You may not feel any pain or just have a boggy feeling in the flank as long as these kidney stones remain in their current location. You will feel discomfort though when they leave your kidney and slip in to the ureter. Thus, for years, you might not even be aware of the existence of these kidney stones. There are special situations when a stone can form more quickly than normal, for instance with metabolic disorders where a stone may recur within a few months of the initial removal of the stone.
If you are at risk for recurrent kidney stone formation, discuss your risk factors with a trusted and experienced urologist, and they might perform a 24-hour urine test to see how fast you are developing them.
Back discomfort, blood in the urine, nausea/vomiting, and agony are some of the signs of kidney stones. Kidney stones typically range in size from a chickpea to a golf ball, but they can also be as little as a grain of sand.
The first step toward treatment is having your healthcare provider, a qualified Urologist diagnose you correctly. If your Urologist decides you need treatment, you have the choice between medication and surgery. Larger stones may generally need surgery, but smaller stones (less than 5-6 mm) can usually pass via the urinary tract with medical expulsion therapy.
People with kidney disease and associated illnesses such as diabetes, hypertension, and obesity are at a higher risk of kidney failure if the stones are left untreated.
As far as kidney stones are concerned, there are four types of surgery that can be used to treat them:
LASER UreteroRenoscopic Surgery (Laser URS/RIRS): In this treatment, an endoscopic device known as a ureteroscope is placed into the patient’s ureter through the urethra, bladder, and ureter. Through ureteroscopy, the stone in the ureter is broken / pulverised into smaller pieces using a LASER so that they can be more readily passed via the urinary tract. If the stone is in the kidney, Retrograde Intra Renal Surgery (RIRS) is done with a flexible ureteroscope which can access the interior of kidney through the ureters and provide LASER therapy to remove the stones. Post procedure, a small tube is passed into the ureter to safeguard it and is removed typically in 2-4 weeks.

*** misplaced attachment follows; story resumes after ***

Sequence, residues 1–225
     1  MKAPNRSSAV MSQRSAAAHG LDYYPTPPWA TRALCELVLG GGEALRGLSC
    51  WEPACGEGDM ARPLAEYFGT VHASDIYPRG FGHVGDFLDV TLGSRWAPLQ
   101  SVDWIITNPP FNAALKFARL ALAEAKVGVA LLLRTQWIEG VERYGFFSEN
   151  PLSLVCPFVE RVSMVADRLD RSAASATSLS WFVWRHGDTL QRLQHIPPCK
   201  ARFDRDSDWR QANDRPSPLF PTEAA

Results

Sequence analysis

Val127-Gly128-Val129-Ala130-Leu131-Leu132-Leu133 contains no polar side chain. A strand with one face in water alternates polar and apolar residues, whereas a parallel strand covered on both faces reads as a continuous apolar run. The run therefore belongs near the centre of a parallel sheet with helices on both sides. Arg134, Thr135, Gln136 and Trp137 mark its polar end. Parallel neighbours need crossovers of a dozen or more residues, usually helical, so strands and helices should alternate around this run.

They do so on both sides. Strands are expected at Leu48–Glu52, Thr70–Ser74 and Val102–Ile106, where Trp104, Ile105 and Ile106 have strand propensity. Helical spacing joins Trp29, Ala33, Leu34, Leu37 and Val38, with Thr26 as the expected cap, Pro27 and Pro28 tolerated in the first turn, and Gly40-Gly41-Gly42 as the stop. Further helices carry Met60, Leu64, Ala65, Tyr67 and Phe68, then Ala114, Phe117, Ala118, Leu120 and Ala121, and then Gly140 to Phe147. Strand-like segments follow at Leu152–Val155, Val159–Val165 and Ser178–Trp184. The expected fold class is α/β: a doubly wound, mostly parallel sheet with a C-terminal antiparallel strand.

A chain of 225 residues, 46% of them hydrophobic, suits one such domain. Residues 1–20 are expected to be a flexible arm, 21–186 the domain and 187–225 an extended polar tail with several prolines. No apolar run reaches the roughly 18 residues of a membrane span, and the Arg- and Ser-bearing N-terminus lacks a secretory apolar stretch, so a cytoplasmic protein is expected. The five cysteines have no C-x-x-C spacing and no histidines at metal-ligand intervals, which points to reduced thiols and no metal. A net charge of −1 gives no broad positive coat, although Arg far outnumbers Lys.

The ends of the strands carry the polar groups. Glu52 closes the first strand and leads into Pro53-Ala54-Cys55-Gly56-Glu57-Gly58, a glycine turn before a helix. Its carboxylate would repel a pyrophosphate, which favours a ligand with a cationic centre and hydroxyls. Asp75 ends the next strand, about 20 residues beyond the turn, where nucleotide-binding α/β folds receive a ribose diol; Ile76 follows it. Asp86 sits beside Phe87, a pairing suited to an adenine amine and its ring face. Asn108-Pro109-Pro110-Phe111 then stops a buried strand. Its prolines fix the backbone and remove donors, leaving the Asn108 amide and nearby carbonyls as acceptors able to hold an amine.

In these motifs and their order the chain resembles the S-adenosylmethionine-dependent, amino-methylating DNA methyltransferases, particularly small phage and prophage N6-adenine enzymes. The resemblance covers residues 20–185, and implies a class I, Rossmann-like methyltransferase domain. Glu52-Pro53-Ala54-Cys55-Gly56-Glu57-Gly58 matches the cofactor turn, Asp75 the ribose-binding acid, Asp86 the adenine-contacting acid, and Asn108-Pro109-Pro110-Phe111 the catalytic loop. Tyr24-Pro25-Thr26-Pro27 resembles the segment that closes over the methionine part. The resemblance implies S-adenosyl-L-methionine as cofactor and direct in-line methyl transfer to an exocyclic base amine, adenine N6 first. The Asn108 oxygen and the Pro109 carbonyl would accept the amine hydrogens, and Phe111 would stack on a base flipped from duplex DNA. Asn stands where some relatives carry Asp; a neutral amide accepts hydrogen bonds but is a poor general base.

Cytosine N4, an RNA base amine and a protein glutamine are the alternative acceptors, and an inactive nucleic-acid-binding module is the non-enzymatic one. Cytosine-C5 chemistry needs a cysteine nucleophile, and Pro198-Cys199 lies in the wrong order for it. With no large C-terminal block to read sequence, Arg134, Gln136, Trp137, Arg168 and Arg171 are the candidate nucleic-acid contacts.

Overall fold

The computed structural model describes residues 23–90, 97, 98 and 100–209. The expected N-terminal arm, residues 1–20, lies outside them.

Shockwave lithotripsy (ESWL): In shockwave lithotripsy, you will be placed on a special type of table or tub that sends high-energy shockwaves through the water to the kidney stone. The shockwaves break down the stone if it’s not too hard (HU 1000 or less) or too big, and then the fragments are usually flushed out of the kidneys and body in due course of time.
Percutaneous nephrolithotomy (PCNL): In situations where it’s not possible to treat kidney stones with the other procedures due to the number of stones, the size of the stones, or the location of the stones, Percutaneous nephrolithotomy is recommended. During this procedure, a small incision (just as a key hole) is made in your back in order to insert a tube directly into your kidney. The stones are then disintegrated by Lithoclast or LASER and suctioned out of the kidney so that you are you are stone free immediately after a successful PCNL.
Open stone surgery: During open stone surgery which is rarely done now a days, a large cut is made in the flank to access the kidney directly to remove the stones. It is now an almost obsolete procedure due to widely practised minimally invasive endoscopic stone surgery with better results and lesser hospital stay.
The first three are minimally invasive procedures. URS/RIRS and PCNL are a type of operation in which either the surgeon enters the body through a normal opening (like the urethra) or makes a small incision in the skin to access the stones. In ESWL, no surgery is required and the stones are broken extracorporeally. These minimally invasive procedures have least pain and high success rate with minimal hospital stay.
So, In case you are experiencing any Urology, Andrology or kidney Stone related issues, get in touch with our experts for consultation and for best in class treatment! Stay Healthy, Live Long!